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I know that I can use both a noun and a participle as an adjective but what do I have to ask myself when choosing between them?

For instance:

Talking points, talk points

Information technology, informing technology

Review session, reviewing session

Is there a difference between the participle and noun when using them as an adjective?

I know the left hand side is more natural and are actual words, but is there a list of things to consider when making the choice?

  • This is almost a duplicate of a question I asked that did not get any terribly satisfying answers. I think there are basically no grammatical rules here. Both are possible; whichever one gets used and widely copied becomes the standard. – Jason Orendorff Aug 31 '16 at 22:40
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I would say this is a dictionary problem. If you tend to create your own word formations you have to consult the dictionary to see whether your formation is really what speakers have agreed on.

It would really be a study of its own to show the problems of this kind of word formation. I have only tried compound nouns with either noun or gerund as subelement. Actually you can't guess what is correct, work hours or working hours or both.

Google Ngrams shows both formations are possible. Link

  • If I were to choose between "work hours" and "working hours" I would use the first and avoid using "working hours". Maybe only in this context: "He was working hours at the processing machine." – SovereignSun Oct 31 '16 at 10:42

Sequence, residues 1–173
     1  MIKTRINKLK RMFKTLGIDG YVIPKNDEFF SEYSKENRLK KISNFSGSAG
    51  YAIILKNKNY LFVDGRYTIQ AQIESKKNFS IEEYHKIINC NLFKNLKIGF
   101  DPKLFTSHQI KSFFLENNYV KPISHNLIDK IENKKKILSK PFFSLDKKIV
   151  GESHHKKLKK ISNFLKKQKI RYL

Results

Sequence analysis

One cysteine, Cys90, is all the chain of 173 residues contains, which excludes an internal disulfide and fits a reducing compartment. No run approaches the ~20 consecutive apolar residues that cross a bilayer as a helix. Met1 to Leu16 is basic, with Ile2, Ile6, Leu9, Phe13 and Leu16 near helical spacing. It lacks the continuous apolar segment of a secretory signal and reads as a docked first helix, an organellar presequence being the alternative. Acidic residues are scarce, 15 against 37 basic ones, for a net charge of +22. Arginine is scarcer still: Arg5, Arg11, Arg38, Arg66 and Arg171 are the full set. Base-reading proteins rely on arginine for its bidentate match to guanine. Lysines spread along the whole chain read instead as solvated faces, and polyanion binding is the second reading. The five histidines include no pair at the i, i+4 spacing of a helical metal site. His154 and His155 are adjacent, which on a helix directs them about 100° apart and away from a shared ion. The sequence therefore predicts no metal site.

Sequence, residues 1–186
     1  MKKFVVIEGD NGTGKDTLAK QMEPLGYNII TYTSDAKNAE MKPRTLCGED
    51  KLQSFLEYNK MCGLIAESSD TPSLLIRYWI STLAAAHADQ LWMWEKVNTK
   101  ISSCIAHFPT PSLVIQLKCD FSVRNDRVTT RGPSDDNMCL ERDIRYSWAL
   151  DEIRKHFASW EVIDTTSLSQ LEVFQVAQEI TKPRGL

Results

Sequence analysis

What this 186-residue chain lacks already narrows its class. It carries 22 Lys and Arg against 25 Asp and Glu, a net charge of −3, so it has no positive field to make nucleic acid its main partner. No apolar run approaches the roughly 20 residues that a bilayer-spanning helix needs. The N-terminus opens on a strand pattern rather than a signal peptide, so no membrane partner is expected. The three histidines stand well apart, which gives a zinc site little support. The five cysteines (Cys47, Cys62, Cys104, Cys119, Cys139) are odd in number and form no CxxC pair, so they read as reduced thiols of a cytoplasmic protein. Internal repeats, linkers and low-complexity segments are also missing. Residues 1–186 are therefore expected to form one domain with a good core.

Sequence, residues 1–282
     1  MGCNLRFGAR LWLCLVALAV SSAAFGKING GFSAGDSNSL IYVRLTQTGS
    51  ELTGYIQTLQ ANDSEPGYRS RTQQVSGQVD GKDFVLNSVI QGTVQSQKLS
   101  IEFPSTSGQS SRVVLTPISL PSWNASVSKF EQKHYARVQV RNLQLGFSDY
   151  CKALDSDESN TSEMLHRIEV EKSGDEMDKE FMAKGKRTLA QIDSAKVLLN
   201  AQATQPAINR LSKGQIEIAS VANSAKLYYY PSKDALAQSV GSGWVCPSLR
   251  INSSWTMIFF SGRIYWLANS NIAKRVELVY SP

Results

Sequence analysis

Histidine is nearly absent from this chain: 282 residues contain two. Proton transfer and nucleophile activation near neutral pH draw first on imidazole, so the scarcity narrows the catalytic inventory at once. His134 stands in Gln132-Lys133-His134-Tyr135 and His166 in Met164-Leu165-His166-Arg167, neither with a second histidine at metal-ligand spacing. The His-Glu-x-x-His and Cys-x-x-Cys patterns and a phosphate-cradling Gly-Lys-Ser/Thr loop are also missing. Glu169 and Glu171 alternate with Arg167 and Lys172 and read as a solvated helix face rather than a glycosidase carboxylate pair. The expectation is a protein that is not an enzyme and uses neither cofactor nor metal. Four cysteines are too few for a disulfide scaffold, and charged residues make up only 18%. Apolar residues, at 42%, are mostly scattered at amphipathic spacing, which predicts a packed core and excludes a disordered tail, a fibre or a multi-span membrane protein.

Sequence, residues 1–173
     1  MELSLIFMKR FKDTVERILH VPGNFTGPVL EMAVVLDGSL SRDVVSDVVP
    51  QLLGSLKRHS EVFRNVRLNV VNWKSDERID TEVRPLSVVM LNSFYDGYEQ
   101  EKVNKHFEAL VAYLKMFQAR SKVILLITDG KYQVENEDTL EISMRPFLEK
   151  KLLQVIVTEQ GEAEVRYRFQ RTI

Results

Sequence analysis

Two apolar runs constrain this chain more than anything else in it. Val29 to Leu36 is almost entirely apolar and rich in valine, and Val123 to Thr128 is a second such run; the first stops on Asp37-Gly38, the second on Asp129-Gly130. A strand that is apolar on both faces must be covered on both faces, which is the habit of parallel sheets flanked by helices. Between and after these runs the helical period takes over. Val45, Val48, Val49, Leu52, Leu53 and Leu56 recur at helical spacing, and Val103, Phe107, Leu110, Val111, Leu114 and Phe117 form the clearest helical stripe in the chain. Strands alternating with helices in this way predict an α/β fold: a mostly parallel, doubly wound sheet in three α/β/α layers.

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Speaking of General English; certain standards exist and are being used world-wide.

"Talk point", "informing technology", and "reviewing session" - aren't standard. If you wish to use these you should consult grammar and logic. It also depends on the context in which you use them.

I can't provide you with credible sources that mention "talk point", "informing technology", and "reviewing session", but taking into account my knowledge of English I can only presume the meaning (the following are only a guess):

  • Talk point - Probably a stance in which you speak, or a period or an action that requires you to speak. It can also refer to a specific marker in an audio/video file that provides us with visual information.

  • Informing technology - A technology that informs. Personally, I'd use that in such examples:

    1 Social media technologies are the technologies of informing.

    2 Scientists are informing the technology with a new system.

  • Reviewing session - A session that is reviewing. I understand it as a review session that's been reviewed.

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